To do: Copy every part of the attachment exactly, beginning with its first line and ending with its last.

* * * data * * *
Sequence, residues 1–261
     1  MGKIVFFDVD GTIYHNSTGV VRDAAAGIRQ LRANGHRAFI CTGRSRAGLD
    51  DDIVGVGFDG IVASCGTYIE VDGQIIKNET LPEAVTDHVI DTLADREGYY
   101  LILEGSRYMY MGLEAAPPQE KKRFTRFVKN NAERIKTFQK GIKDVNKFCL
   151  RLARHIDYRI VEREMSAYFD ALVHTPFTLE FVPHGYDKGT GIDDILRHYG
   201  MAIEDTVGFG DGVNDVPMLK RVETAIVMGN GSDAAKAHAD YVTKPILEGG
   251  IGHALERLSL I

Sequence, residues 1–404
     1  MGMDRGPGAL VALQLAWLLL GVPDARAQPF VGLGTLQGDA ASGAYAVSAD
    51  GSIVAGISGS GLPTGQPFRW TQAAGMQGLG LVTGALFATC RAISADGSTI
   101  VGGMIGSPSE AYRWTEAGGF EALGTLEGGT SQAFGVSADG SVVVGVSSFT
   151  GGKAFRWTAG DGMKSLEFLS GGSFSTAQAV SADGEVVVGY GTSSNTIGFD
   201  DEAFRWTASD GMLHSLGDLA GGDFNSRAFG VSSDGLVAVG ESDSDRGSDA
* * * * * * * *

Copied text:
Sequence, residues 1–261
     1  MGKIVFFDVD GTIYHNSTGV VRDAAAGIRQ LRANGHRAFI CTGRSRAGLD
    51  DDIVGVGFDG IVASCGTYIE VDGQIIKNET LPEAVTDHVI DTLADREGYY
   101  LILEGSRYMY MGLEAAPPQE KKRFTRFVKN NAERIKTFQK GIKDVNKFCL
   151  RLARHIDYRI VEREMSAYFD ALVHTPFTLE FVPHGYDKGT GIDDILRHYG
   201  MAIEDTVGFG DGVNDVPMLK RVETAIVMGN GSDAAKAHAD YVTKPILEGG
   251  IGHALERLSL I

Sequence, residues 1–404
     1  MGMDRGPGAL VALQLAWLLL GVPDARAQPF VGLGTLQGDA ASGAYAVSAD
    51  GSIVAGISGS GLPTGQPFRW TQAAGMQGLG LVTGALFATC RAISADGSTI
   101  VGGMIGSPSE AYRWTEAGGF EALGTLEGGT SQAFGVSADG SVVVGVSSFT
   151  GGKAFRWTAG DGMKSLEFLS GGSFSTAQAV SADGEVVVGY GTSSNTIGFD
   201  DEAFRWTASD GMLHSLGDLA GGDFNSRAFG VSSDGLVAVG ESDSDRGSDA